Collaborative Bat Research wins two Awards from the Association of Noise Consultants 2019

Collaborative Bat Research wins two Awards from the Association of Noise Consultants 2019

We are delighted to have had a successful evening last week in Manchester at the annual awards ceremony of the Association of Noise Consultants (ANC) winning the Innovation Award and being joint winner of the Environmental Acoustics in Infrastructure Award.

The Team

BSG Ecology has been working over the last three years with colleagues from The Ecology Consultancy, Temple Group, University of Bristol and HS2 Ltd on developing the use of acoustic deterrents as part of a bat mitigation strategy for the proposed new rail line. The research was initiated to investigate the use of high frequency noise to deter woodland bats, and in particular Bechstein’s bat, from sensitive areas of the rail corridor with the aim of keeping bats away from potential collision with trains.

Acoustic Deterrents as a Bat Mitigation Strategy

The team pooled our collective knowledge, experience and expertise to devise and implement a scientifically robust study programme to identify and quantify the impact and effectiveness of high frequency noise on bats. Noise deterrents were selected as a potential mitigation method because in recent years acoustic deterrents have been investigated to displace bats from churches[1] and the air space around wind turbines[2].

Deaton Acoustic units were used to generate the noise output, and bat behaviour with and without noise was recorded using thermal imaging cameras, infra red cameras and teams of surveyors at fixed distances from the noise source. Heat sources attached to poles at different heights and distances provided markers visible to the thermal imaging cameras which enabled more accurate recording of the distances and heights at which bats were flying. A programme of survey replicated throughout the active season was implemented over two study years The first year of study demonstrated effective deterrence distances for pipistrelles, but further data for Myotis species was required to provide robust data for statistical analysis. It was also important to understand if the noise was directional and if not, what degree of noise spillage was occurring and whether this would result in unwanted displacement of bats. A second season of study and detailed analysis of acoustic data by Temple noise consultants provided greater confidence in the findings and the conclusions drawn about the effectiveness of this technique. A good understanding of the noise dispersal pattern and the effective distance enabled us to assess and adapt the sound emitted by acoustic deterrents to maximise their effectiveness in prompting localised and predictable changes in bat flight behaviour.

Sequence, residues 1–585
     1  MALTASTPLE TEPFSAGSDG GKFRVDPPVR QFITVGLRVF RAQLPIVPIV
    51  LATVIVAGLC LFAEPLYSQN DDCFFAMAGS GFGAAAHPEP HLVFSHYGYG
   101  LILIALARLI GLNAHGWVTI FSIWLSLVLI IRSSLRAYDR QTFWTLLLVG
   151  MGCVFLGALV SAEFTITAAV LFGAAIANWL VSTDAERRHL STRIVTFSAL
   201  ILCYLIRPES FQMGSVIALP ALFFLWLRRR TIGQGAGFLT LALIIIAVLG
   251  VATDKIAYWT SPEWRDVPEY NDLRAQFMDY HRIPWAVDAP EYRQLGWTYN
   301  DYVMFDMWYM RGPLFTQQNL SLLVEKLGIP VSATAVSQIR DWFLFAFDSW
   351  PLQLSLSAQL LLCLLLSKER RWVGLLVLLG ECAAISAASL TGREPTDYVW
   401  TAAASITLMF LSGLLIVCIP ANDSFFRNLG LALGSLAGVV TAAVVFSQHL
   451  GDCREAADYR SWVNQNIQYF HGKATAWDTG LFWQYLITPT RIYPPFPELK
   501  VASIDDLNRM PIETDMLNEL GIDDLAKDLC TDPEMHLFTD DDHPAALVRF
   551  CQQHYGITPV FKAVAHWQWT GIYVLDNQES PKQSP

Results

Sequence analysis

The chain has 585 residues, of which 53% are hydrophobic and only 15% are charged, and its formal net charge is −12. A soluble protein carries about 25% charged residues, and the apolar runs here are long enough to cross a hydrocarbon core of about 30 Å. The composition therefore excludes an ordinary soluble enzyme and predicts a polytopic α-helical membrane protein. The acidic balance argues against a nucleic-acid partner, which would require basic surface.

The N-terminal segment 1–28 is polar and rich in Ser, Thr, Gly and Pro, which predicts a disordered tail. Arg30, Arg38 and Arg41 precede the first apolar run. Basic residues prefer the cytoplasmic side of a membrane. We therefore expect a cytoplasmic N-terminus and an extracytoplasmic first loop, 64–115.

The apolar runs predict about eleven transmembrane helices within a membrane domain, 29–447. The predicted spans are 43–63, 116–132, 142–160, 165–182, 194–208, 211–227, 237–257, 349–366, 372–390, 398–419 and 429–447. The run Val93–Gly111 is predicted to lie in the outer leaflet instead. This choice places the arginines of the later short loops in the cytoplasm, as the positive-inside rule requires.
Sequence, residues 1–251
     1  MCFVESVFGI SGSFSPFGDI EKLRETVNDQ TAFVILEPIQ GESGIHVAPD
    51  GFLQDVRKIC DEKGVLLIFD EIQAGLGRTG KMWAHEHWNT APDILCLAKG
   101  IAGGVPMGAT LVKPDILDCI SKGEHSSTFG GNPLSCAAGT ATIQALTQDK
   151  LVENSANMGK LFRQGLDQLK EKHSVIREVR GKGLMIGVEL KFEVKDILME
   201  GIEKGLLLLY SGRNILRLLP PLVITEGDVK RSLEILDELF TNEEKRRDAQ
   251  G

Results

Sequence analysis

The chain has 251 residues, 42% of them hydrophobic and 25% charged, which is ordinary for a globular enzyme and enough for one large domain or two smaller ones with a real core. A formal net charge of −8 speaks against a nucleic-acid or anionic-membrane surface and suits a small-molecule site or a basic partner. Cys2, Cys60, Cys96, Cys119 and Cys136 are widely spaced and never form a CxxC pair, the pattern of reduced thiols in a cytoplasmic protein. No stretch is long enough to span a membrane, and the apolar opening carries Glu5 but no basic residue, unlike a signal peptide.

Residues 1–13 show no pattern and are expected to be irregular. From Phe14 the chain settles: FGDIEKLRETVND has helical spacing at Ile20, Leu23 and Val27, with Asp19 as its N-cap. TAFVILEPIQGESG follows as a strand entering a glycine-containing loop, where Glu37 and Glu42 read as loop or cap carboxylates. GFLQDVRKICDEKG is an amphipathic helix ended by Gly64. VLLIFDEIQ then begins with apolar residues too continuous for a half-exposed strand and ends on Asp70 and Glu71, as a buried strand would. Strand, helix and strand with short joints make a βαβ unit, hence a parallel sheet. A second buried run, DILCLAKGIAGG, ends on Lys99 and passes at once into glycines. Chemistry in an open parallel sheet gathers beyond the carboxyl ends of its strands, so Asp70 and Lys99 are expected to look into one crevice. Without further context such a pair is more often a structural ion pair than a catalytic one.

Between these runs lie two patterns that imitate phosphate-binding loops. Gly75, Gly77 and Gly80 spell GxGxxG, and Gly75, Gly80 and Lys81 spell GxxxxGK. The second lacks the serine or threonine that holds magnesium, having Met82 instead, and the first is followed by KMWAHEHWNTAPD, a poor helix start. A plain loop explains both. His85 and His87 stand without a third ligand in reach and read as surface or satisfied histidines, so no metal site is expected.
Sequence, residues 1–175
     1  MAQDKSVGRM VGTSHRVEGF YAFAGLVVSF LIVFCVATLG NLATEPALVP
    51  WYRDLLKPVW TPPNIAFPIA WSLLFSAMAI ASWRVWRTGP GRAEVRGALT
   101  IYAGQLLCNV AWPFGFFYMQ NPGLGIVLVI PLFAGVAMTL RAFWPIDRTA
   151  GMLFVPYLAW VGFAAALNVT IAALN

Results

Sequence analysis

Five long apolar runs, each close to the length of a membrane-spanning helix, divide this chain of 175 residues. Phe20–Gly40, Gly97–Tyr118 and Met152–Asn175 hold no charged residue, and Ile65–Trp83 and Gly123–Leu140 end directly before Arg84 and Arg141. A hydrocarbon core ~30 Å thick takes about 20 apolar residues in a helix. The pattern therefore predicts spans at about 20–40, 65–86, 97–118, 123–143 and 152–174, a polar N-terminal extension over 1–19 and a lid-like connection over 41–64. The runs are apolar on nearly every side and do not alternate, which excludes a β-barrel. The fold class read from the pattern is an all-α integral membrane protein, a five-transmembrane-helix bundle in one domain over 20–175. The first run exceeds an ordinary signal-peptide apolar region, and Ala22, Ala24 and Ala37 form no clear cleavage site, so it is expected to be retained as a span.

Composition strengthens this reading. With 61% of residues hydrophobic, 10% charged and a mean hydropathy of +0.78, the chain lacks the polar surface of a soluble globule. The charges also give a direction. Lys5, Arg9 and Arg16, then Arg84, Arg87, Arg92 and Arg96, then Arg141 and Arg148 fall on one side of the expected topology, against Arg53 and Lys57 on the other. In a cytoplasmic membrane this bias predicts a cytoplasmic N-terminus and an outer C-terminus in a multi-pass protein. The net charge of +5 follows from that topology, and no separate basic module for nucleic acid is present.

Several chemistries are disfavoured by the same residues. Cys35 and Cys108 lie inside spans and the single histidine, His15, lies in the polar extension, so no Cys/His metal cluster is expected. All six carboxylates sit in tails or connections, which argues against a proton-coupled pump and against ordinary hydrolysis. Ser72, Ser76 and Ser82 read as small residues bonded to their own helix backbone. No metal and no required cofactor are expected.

The study indicates that acoustics can also be used to enhance the effectiveness of mitigation measures that are proposed to be deployed along parts of HS2 Phase 1. We are also interested in the use of acoustic deterrents to divert bats from former flight paths (that have been removed) onto new flight lines linking to green bridges or underpasses.

Responses to the award

Charlotte Wevill, Principal Ecologist at the Ecology Consultancy “Undertaking this work has been exciting and fulfilling, allowing us to work with a variety of different sectors and share different skills and experiences. Our collaboration with UK leading ecologists, bat researchers and noise consultants has been highly successful and effective and is evidenced by the longevity of the collaboration and the production of work with robust and scientific outcomes. It will hopefully pave the way for further joint endeavours with other clients in this field.

Dr Peter Shepherd, Partner at BSG Ecology “It is a real pleasure to be working in collaboration with fellow consultants, a leading University department and acoustic experts, all committed to developing effective mitigation measures for some of our rarest bat species. The interface between practical ecological expertise, acoustic engineering design and academic discipline and expertise has been hugely enlightening and essential to making this a successful project” 





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